At 36, he is nearing the end of his career, but the Lakers (or LeBron James) decided the team needed another rim protector, to ease the load on the surprisingly effective JaVale McGee, and signed Chandler after the Phoenix Suns released him.

(Conspiracy alert: The general manager of the Suns is James Jones, who won three NBA titles playing with LeBron and, lookie here, the Suns gave up the the veteran channeling Yoda to the club’s rookie center Deandre Ayton, also the No. 1 pick in the 2018 draft. And the Lakers snapped up Chandler the next day. Hmm.)

And, so far, after three games, all of them Lakers victories with Chandler’s fingerprints on them, he has come “home”, after all.

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A Celebration 100 Years in the Making

November 11th, 2018 · No Comments · France, Languedoc

At the 11th hour of the 11th day of the 11th month, in 1918, World War I came to an end.

That is, the long and bloody war ended at 11 a.m. on November 11.

One hundred years later, France celebrated its century-old victory over Germany by instructing all churches to ring their bells for 11 minutes, beginning at 11 a.m.

It was the centieme anniversaire de l’armistice. (The 100th anniversary of the Armistice.)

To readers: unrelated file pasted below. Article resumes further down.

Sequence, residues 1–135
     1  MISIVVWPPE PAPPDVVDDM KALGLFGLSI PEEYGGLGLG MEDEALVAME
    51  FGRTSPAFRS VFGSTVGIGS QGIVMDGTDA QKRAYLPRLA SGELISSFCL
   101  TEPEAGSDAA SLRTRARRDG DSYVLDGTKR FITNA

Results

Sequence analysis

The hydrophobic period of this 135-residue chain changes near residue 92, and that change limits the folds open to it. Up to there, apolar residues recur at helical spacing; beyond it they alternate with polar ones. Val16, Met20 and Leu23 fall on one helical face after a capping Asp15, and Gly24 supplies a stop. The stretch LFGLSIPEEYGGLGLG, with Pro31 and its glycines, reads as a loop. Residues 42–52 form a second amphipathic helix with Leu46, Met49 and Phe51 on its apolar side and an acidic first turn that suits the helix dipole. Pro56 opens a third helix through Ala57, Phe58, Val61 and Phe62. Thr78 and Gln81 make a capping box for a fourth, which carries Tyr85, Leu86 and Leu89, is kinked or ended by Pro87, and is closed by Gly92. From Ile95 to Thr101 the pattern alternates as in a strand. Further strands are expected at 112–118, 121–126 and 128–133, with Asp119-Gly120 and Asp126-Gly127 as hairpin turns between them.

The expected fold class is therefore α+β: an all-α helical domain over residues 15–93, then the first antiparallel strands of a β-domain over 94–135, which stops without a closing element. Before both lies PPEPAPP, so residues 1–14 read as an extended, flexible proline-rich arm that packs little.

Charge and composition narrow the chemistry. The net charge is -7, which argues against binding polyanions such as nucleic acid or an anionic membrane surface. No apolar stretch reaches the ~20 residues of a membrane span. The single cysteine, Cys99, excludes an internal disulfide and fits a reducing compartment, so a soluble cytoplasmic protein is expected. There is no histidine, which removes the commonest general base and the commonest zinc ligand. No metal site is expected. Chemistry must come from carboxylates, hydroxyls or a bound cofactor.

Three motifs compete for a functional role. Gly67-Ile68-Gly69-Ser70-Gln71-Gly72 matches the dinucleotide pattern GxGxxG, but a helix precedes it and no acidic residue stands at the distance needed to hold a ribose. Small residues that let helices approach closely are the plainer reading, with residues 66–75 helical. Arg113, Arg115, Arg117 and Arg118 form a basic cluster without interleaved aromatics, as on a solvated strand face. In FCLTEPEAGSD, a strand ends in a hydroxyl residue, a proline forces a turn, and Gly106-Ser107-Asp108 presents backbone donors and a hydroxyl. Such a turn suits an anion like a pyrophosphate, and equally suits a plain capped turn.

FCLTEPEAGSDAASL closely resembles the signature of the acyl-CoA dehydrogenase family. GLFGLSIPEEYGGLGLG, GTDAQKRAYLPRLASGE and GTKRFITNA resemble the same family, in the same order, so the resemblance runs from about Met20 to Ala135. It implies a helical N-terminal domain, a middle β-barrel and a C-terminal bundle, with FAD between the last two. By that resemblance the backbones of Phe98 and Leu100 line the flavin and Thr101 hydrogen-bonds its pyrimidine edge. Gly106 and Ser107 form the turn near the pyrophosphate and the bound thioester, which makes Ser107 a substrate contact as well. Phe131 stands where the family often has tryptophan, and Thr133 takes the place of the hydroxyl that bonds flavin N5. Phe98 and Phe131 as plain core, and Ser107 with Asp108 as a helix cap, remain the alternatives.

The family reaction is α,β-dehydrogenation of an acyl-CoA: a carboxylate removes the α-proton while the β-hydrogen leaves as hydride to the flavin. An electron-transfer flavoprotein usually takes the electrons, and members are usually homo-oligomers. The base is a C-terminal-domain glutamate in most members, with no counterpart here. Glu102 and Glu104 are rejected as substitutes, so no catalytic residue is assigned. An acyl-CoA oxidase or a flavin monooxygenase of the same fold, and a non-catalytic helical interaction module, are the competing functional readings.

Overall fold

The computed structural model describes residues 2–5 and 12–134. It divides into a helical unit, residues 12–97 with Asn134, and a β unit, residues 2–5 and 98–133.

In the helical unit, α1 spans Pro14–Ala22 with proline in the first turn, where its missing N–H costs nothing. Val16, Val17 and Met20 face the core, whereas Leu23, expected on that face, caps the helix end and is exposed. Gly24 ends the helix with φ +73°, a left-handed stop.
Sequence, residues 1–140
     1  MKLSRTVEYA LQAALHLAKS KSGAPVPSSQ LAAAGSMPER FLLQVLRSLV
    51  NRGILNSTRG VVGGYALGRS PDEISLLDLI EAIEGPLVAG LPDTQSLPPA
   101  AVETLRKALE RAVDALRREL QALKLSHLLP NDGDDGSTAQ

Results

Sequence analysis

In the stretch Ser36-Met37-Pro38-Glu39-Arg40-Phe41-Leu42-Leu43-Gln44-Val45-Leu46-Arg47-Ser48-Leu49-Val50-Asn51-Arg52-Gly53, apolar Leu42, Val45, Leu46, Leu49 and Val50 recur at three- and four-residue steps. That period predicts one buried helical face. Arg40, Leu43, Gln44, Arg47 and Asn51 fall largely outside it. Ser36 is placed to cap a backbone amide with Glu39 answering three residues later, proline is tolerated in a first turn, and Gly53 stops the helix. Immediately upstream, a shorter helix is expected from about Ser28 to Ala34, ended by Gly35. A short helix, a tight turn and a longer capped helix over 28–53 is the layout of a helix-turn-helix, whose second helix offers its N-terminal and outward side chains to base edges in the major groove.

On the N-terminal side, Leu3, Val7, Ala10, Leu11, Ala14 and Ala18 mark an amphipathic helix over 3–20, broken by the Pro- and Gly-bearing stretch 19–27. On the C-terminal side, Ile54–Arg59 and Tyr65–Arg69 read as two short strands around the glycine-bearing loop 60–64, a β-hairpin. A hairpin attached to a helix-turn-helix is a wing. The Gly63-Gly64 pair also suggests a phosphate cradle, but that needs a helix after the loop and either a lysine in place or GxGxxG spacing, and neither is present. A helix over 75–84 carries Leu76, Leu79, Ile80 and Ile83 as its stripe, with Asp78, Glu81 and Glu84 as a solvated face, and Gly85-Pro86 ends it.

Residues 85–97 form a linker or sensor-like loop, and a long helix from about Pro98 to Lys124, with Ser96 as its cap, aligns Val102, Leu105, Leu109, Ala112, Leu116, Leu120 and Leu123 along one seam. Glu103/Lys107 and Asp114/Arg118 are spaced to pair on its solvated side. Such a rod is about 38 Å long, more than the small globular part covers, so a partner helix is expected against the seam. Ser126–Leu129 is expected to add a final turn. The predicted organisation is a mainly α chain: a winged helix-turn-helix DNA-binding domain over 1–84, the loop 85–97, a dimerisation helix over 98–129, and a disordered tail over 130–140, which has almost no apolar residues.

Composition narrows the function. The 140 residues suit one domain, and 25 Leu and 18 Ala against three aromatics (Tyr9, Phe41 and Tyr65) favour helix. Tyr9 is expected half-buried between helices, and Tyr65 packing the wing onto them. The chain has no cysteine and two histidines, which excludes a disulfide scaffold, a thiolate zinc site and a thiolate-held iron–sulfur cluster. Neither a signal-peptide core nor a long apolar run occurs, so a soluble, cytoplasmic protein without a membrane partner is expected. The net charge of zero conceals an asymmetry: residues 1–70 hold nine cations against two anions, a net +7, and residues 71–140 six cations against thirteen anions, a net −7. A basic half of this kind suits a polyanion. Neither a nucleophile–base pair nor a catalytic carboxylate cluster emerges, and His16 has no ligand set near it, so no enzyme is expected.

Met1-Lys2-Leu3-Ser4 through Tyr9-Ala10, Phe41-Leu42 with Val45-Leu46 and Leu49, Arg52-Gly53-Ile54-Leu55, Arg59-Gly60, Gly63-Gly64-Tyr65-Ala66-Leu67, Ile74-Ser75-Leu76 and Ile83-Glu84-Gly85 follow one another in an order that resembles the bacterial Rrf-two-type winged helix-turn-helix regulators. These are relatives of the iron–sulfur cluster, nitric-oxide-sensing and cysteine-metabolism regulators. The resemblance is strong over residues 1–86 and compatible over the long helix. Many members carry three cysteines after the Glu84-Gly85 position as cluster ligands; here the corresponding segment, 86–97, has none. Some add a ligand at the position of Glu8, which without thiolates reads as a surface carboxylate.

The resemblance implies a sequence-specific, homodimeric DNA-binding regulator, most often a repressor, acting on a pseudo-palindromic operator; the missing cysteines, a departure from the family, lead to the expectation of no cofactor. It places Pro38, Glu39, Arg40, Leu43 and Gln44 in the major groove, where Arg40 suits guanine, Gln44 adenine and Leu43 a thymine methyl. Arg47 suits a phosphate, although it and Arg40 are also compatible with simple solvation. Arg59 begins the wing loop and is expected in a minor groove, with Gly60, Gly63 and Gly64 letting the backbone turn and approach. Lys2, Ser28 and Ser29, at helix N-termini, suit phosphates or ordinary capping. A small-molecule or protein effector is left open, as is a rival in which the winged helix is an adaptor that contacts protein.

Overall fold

That marked the start of festivities and remembrances throughout France, including in our village in the south of the country — where a significant fraction of the population gathered in the town square.

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The Great War: France Will Not Forget

November 10th, 2018 · No Comments · France, Germany

In the photo on the left, a young mustachioed French soldier from a century ago is dressed in his parade best as he stares coolly at the camera. His left hand is behind his back and his right rests on a table, near his red kepi and what might be a bayonet. It is the kind of photo young men posed for, ahead of going to war, in 1914.

The photo on the right shows the same soldier, with the same mustache and the same cool regard for the camera, apparently sitting on a bed … a hospital bed, it would seem … and he holds his bare left arm across his chest. The observer cannot help but notice that his arm is horribly swollen.

The soldier’s name is Marcel Poujol, and he would lose his burned arm to amputation. But he may have considered himself lucky, three times over.

He survived a shell that killed most of his comrades. He would not be going back to the trenches of what the French call La Grande Guerrethe Great War — to become one of the 1.4 million French war dead. And he would be able to live and work in his hometown of Nizas, in the Languedoc region of southern France, raising a family that includes his living granddaughter, our friend Marie-Claire.